Well, its official. I finally got my long overdued chicken pox. Yeah yeah, I know I should’ve gotten it earlier, so that it won’t be so severe. But hey, I’m not going to put up an advert to ask people with chicken pox to approach me am I?
It so happens this is the first time I was in close quarters with somebody with chicken pox.
Well, the reason I’m blogging about this is that I can’t sleep coz it hurts & itch so much to share some of my horrid experience with the world and some do’s and don’ts that I think will prevent from making it worse.
IMPORTANT NOTE :
I am NOT a trained medical professional and all the opinions below are strictly my own. Follow my advise at your own risk.
1) Don’t blame the wrong people.
Lets do some wikipeding :-
Chickenpox is a highly contagious illness caused by primary infection with varicella zoster virus (VZV). It generally begins with spots appearing in two or three waves, mainly on the body and head rather than the hands and becoming itchy raw pockmarks, small open sores which heal mostly without scarring.
Chickenpox has a 10-21 day incubation period and is spread easily through aerosolized droplets from the nasopharynx of ill individuals or through direct contact with secretions from the rash. Following primary infection there is usually lifelong protective immunity from further episodes of chickenpox.
So you see, the desease would only be infectious until the rashes started to appear. So if you get the pox with a friend or colleague, and both of you starts having the symptoms about the same time. Most likely somebody else gave it to you both.
So don’t blame the one that fall sick first. Unless he/she came in contact with you with a body full of rashes or still subsiding 10-21 days before your symptoms show.
2) Don’t think its just a fever / headache / rash / huge pimple
To those who haven’t got the pox yet, I think they should always be on the look out when little bit of the symptoms starts showing.
IT HELPS A LOT WHEN YOU TREAT IT EARLIER.
Some precurring symptoms that I’ve went through :-
- Fever with HUGE HUGE headache
- Your head feels very hot and about to explode.
- Recurring fever.
- Huge painful pimple/appearing (in my case around my head & neck).
- The headache won’t go away. So is the feeling of very-hot-ness.
If you have most of those symptoms showing, you should be on alert and check out for any new formation of sores/pimples, especially those that appear to be reddish in color.
3) Don’t wait
If you can see sores and rashes appearing (in places you would never imagine) it is probably the start of the first wave of the chickenpox attack.
You will easily see the distintive sores with water pockets at the middle.
Get to the doctor, or your parents if you’re a minor, IMMEDIATELY. They will know what to do.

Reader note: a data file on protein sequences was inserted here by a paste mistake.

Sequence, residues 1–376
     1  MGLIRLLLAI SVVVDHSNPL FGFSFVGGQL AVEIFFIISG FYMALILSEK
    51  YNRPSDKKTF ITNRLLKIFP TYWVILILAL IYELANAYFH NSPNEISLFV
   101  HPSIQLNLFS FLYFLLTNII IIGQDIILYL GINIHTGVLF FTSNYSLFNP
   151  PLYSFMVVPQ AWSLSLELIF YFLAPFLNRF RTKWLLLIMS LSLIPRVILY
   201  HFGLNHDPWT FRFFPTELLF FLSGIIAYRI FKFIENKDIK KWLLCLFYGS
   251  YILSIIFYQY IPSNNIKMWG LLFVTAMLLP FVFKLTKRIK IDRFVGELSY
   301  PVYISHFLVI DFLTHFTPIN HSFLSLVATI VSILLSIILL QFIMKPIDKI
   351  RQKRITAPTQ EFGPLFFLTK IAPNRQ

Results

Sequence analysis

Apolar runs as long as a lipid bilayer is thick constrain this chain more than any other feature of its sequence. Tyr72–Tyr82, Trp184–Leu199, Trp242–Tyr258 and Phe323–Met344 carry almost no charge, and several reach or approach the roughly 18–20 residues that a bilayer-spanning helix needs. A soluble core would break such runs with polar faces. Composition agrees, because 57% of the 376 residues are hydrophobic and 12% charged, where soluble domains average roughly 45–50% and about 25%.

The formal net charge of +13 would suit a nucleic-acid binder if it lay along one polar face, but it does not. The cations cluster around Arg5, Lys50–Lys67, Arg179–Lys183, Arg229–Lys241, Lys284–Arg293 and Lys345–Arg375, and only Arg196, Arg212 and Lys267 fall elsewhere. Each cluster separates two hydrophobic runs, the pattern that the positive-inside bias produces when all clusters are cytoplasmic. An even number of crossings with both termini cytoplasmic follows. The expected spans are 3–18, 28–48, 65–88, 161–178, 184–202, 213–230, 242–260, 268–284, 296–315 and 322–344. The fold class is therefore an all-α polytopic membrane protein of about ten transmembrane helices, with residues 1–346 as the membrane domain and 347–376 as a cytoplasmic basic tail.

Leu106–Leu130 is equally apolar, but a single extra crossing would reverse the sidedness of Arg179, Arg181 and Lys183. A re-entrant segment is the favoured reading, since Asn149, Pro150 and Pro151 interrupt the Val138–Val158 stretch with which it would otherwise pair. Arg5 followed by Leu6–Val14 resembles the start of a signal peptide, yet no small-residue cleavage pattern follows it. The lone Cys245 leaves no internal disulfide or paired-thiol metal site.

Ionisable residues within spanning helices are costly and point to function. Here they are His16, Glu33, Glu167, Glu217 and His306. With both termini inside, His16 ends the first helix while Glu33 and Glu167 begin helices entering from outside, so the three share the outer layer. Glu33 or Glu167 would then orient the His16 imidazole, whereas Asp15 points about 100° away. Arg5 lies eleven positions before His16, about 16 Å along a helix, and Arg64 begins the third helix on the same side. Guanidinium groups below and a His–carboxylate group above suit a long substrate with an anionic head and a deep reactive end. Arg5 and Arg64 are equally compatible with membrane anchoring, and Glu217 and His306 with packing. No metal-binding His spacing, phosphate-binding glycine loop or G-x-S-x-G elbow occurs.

4) Do some basic grooming
If you feel like you’re going to get the pox, its best to go cut your hair first if you have the chance. It makes a lot of different, believe me, when the sores starts to come out on your scalp.
Cut your finger nails/toe nails. You want to be able to scratch lightly when you couldn’t take the itch, and not wounding the sores.
5) Don’t wear tight clothings
Need I explain anymore?
You’ll feel so uncomfortable you wish you could walk around naked.
6) Don’t skip your meds
I know its tempting to think that its getting a lot better after your meds during the first few days, because the medicine had killed the virusses right?
Like most viral deseases, it won’t get better until your body has developed the antibody for it. In the case of chicken pox, the body will build up the immunity against the virus. And it takes at least 4-5 days do that.
So expect a second or third wave (if you’re so unlucky) of the pox appearing.
The meds that doctors gave will suppress it, and treat your symptoms (ie. fever, pain, itchiness), but not cure it. That part is left to your body’s immune system. And it takes time.
Put on lots of calamine lotion, don’t be shy to get another bottle from the doctor. It will help cool you down and kill bacterias on your skin that will cause infection.
7) Don’t sleep with thick blanket
The moment I cover myself with my blanket, I knew something was wrong.
Basically you will feel the rashes all over your body dancing and jumping together. Not a good feeling.
And if you slept in it. I can assure you next day you’ll wake up with lots more rashes.
If you’re really cold, try to get one of those bath towels. They should be quite thin and can provide some insulation.
8 ) Don’t scratch
I know its hard. Believe me I know.
But trust me if you scratch it until it’s burst. You will feel pain, not itch. And you’ll leave with scars.
So, don’t scratch.
9) Drink more cooling drinks
Well the most commonly recommended drinks that people would recommend you would be coconut water.
Get the one that’s pure, not diluted and no sugar. Straight from the coconut.
10) Maintain good hygiene
It is important to maintain good hygiene and daily cleaning of skin with warm water to avoid secondary bacterial infection. [source]
11) Grit your teeth and pray to God that it will be over soon
It is a spiritual battle. If it’s not itchy its painful, if it’s not painful its itchy. There’s no other way around it.
This is the time you’ll need the Lord’s strength to get you through this.
12) Get the vaccine
I know, it’s a bit too late for that.
BUT, what you can do is to tell those who don’t know about it to go and get the vaccine. And I’m sure with your horrifying experience, you will have little problem convincing them.
So, that about it. I hope anyone who reads this have a rough idea what to do and what not to do during your episode.
To those who are suffering like me, I feel all of you out there. And my prayers are with you.